Slade Nash remained in possession of his large copyhold estates and also of the lease of Coate farm. (fn. 42) He was succeeded at his death c. 1811 by his son William (fn. 43) who died before 1814 holding 1,012 a. in the parish. (fn. 44) The Nashes' leasehold and copyhold estates were eventually acquired by Michael Hicks Beach of Williamstrip (d. 1830). In 1858 his greatgrandson Sir Michael Edward Hicks Beach sold his rights to the Ecclesiastical Commissioners, (fn. 45) who had succeeded the dean and chapter as lords of the manor in 1855. (fn. 46) Eastleach was among the estates returned to the dean and chapter at their reendowment in 1866 but in 1894 it passed once more to the Ecclesiastical Commissioners, (fn. 47) whose successors the Church Commissioners sold the bulk of the estate to G. W. White in 1953. That land, comprising 844 a. based on Baxter's Farm (the former Fyfield Farm), (fn. 48) was sold by the White family in 1962 to Mr. H. E. Kinch, the owner in 1976. (fn. 49)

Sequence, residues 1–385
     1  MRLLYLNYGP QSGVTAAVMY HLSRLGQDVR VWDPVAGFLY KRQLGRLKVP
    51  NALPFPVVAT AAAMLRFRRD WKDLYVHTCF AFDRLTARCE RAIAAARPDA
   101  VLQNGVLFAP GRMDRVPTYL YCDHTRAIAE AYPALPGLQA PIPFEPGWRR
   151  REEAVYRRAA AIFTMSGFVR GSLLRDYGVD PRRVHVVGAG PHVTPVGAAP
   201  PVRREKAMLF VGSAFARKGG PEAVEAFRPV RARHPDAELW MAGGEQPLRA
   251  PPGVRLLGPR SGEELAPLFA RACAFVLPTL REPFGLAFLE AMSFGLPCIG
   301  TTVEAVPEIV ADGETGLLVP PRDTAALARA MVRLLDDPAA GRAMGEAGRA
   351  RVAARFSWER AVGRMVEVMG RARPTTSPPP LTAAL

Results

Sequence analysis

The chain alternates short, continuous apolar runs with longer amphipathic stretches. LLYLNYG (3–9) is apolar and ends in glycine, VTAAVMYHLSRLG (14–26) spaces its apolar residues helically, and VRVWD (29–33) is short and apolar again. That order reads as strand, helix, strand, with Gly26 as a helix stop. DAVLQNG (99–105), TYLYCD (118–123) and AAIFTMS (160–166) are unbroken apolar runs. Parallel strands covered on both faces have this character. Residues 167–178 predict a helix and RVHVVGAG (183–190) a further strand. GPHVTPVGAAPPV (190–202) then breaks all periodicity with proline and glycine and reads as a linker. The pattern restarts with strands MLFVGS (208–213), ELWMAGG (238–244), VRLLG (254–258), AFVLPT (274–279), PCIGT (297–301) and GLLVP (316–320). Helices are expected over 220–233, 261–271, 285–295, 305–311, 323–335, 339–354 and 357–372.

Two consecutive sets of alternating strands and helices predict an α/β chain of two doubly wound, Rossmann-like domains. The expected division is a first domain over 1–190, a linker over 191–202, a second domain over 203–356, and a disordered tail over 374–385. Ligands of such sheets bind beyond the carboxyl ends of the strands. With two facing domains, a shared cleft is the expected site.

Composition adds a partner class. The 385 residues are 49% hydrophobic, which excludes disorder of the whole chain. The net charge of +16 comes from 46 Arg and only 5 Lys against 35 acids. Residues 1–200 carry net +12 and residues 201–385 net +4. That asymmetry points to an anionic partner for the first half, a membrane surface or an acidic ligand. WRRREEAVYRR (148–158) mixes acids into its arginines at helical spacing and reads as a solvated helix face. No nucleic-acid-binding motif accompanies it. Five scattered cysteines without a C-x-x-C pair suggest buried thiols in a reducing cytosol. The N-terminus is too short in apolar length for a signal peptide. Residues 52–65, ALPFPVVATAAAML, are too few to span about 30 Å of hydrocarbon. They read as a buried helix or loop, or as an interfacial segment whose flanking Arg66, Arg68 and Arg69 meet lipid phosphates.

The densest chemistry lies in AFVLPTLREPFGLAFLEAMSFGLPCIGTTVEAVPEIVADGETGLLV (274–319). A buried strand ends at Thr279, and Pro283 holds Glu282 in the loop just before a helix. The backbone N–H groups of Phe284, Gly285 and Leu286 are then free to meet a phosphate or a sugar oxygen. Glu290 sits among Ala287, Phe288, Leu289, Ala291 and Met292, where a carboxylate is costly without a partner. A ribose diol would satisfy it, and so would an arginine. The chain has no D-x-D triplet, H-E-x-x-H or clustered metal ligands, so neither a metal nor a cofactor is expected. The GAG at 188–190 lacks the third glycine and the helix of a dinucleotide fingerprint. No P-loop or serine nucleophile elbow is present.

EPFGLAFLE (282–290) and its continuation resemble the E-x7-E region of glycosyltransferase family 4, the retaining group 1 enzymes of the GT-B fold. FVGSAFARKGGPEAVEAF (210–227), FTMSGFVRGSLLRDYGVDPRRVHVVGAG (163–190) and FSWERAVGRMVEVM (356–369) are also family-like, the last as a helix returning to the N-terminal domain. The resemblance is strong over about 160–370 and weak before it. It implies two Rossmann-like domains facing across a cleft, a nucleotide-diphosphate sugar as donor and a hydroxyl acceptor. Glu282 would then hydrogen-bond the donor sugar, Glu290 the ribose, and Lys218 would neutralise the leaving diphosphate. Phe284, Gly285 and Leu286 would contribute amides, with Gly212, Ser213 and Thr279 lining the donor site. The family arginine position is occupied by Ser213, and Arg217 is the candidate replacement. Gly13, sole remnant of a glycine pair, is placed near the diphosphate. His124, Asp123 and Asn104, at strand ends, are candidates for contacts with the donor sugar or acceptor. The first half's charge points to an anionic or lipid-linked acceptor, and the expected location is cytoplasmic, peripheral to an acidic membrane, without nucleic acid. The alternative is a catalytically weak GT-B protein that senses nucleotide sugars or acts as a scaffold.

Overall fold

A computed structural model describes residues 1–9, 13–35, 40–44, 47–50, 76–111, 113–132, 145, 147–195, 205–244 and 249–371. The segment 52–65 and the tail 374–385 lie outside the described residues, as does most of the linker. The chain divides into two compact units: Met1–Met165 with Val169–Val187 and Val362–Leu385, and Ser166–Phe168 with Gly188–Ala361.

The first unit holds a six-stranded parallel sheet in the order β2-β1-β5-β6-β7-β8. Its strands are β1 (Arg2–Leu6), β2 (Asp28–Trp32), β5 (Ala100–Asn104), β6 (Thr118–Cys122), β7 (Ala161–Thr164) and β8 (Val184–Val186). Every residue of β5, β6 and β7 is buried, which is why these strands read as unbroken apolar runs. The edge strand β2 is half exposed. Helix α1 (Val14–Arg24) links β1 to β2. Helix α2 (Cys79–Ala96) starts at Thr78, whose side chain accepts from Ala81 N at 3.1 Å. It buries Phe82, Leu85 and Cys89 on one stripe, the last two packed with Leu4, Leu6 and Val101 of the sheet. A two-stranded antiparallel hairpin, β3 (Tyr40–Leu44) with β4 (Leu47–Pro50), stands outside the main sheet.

Coate Farm, standing west of the Leach, was recorded as one of the demesne farm-houses from 1518 (fn. 50) and it may be on the site of the capital messuage belonging to the Heyrun family's estate in the 12th century. (fn. 51) In 1649 it was a stone-built house containing hall, parlour, and kitchen, with chambers above and various out-buildings, (fn. 52) and it was presumably the house with 7 hearths occupied by William Trinder in 1672. (fn. 53) In 1831 the old farmhouse was in decay and used as labourers' cottages (fn. 54) and it was described as semi-derelict in 1962; (fn. 55) it had been restored by 1976. One wing appears to date from the 17th century. The place of Coate Farm as the chief house on the lord farmer's estate was taken by the New House (later called Fyfield House or Fyfield Manor) built c. 1720 by Joseph Small at the south of the Coate farm land, near to Southrop village. Both Small and his son lived at the New House (fn. 56) and it acquired the status of the manorhouse. (fn. 57) It is a house of modest size, having a south front with a projecting centre of 3 bays with a gabled parapet; alterations made in the mid 20th century gave the front more symmetry.